He said the assessment of Wolf, who took over as CEO in April 2007, followed a national VA plan for evaluating senior executives. It emphasizes five core categories: leading change, leading people, building coalitions, demonstrating business acumen and driving results.

Moreland gave Wolf the highest rating in each category. He said she "flawlessly executed" the $592 million budget for the Pittsburgh VA, helping to cut the workforce by about 5 percent — or 126 people — to free some money for "veteran-centered care initiatives."

Wolf took nearly two pages to outline her achievements, including the management of more than $39.9 million in construction projects and the opening of two new buildings in O'Hara and Oakland. Wolf noted that the O'Hara facility features a putting green at a rehabilitation pavilion.

Twice during her evaluation period, Legionella bacteria hit levels considered alarming under national standards set by the Department of Veterans Affairs, according to test results obtained under the Freedom of Information Act.

The Centers for Disease Control and Prevention later determined as many as 21 veterans contracted the waterborne bacteria — which can lead to a deadly pneumonia by breathing it in from showerheads or other water outlets — between February 2011 and November 2012 on the Oakland and O'Hara campuses.

A Trib investigation found Legionella levels reached threatening levels on five earlier occasions dating back to September 2007, leaving open the possibility that even more veterans were sickened with Legionnaires' disease. The CDC acknowledged it did not review water testing results back to 2007 and declined a Trib offer to receive the documents.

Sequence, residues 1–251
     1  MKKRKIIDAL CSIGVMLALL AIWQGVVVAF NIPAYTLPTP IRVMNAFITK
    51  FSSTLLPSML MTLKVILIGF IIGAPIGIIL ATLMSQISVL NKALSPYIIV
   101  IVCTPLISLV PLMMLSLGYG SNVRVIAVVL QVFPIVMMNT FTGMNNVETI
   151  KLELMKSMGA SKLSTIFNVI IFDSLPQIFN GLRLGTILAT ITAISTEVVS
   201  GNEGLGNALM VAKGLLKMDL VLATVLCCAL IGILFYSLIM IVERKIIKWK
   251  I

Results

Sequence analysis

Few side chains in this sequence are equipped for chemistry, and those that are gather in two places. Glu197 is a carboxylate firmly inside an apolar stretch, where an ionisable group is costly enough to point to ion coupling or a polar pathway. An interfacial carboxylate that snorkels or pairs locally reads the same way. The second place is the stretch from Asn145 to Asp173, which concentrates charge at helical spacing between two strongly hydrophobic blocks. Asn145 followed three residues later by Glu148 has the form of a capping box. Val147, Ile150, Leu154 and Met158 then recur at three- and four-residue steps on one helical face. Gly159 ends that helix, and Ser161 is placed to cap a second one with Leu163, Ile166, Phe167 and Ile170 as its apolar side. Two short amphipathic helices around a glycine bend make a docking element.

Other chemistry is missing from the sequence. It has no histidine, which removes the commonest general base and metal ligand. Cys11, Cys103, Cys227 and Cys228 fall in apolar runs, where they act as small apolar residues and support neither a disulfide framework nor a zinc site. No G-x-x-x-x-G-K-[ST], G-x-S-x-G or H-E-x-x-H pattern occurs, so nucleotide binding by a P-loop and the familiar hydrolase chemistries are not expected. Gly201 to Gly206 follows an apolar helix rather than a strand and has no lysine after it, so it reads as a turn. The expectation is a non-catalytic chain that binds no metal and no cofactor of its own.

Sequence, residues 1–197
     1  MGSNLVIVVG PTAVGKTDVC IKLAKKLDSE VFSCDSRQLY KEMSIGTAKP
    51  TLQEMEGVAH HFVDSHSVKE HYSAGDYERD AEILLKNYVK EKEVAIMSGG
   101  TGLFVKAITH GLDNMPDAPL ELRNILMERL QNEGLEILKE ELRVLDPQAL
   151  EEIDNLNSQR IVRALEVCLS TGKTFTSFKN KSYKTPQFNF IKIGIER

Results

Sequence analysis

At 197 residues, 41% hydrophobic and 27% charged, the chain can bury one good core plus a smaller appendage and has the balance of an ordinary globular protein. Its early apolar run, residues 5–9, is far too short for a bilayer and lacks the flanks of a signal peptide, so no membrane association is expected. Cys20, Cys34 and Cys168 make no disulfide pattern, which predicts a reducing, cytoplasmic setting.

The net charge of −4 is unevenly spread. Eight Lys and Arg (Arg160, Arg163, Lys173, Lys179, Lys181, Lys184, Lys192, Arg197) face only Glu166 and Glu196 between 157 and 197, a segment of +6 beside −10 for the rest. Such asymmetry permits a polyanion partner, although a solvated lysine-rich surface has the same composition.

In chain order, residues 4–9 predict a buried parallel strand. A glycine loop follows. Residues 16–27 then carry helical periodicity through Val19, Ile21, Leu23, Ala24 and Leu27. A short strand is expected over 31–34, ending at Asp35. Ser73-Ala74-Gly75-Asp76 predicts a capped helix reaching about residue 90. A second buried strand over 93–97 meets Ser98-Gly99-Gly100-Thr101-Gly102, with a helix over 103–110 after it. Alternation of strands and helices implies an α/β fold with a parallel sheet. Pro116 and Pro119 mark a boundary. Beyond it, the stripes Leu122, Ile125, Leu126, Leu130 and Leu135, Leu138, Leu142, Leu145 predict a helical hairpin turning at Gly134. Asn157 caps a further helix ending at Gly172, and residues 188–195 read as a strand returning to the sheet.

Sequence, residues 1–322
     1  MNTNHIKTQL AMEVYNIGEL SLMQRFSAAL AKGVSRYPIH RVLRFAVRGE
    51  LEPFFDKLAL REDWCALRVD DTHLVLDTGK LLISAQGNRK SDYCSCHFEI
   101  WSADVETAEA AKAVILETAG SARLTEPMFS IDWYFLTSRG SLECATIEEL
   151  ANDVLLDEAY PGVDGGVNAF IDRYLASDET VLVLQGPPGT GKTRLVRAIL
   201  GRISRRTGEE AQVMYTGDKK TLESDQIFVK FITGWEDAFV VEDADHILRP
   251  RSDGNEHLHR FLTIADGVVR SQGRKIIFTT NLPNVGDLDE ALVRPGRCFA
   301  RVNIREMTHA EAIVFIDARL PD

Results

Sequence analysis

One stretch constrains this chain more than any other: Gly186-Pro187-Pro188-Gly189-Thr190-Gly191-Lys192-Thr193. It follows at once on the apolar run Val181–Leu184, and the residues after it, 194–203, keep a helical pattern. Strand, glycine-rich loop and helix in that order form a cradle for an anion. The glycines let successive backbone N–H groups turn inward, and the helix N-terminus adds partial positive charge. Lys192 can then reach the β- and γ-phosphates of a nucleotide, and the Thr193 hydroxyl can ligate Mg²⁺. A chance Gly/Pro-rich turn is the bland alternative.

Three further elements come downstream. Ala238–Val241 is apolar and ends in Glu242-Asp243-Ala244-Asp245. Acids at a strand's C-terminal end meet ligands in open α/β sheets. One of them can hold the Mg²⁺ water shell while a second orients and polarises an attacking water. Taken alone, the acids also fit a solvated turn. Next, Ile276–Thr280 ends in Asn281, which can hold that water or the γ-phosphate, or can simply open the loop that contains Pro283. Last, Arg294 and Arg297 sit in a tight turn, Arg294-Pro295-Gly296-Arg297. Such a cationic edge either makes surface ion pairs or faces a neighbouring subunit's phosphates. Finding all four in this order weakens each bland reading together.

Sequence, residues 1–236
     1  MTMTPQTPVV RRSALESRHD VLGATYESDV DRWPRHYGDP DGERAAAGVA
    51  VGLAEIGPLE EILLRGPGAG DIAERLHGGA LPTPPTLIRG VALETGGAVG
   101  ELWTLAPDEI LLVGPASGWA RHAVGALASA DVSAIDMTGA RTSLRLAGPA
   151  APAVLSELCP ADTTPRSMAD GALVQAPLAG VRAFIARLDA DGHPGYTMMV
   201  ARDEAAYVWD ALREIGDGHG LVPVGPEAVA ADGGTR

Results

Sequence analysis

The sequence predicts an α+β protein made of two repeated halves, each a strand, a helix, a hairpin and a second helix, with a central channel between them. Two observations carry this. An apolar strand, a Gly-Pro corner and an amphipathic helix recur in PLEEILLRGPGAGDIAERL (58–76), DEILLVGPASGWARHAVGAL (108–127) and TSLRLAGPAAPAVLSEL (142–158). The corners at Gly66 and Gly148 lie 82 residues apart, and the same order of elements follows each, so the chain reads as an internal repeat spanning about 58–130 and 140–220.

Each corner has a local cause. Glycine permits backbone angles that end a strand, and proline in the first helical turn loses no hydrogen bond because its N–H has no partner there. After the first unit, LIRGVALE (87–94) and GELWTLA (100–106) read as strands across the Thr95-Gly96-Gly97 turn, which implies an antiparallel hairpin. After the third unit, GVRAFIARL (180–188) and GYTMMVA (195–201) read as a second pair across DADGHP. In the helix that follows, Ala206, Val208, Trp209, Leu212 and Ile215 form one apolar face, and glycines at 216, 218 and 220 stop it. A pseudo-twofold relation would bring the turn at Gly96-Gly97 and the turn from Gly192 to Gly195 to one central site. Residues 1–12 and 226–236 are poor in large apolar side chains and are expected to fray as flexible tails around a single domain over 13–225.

Judy Nicklas' father-in-law, World War II Navy veteran William E. Nicklas of Hampton, was among the five veterans who died in the outbreak period.

"This review appears to me to be a case of commanders pinning medals on their own chest while the soldiers are left dying in the fields," said Nicklas, of Adams in Butler County. "I would urge every veteran to take a stance and protect the services to which they are entitled. Each and every veteran group should speak out to their congressmen and demand a change."

Miller called Wolf's glowing evaluation "undeniable proof" that the VA needs to review its performance-appraisal system.

Wolf, whose base salary was listed at $179,700 for 2011, received no performance bonus for her work in fiscal year 2012, according to documents the VA released to the Trib. Under congressional pressure after a host of problems, VA officials in Washington said in April they would defer performance awards for some unspecified department executives.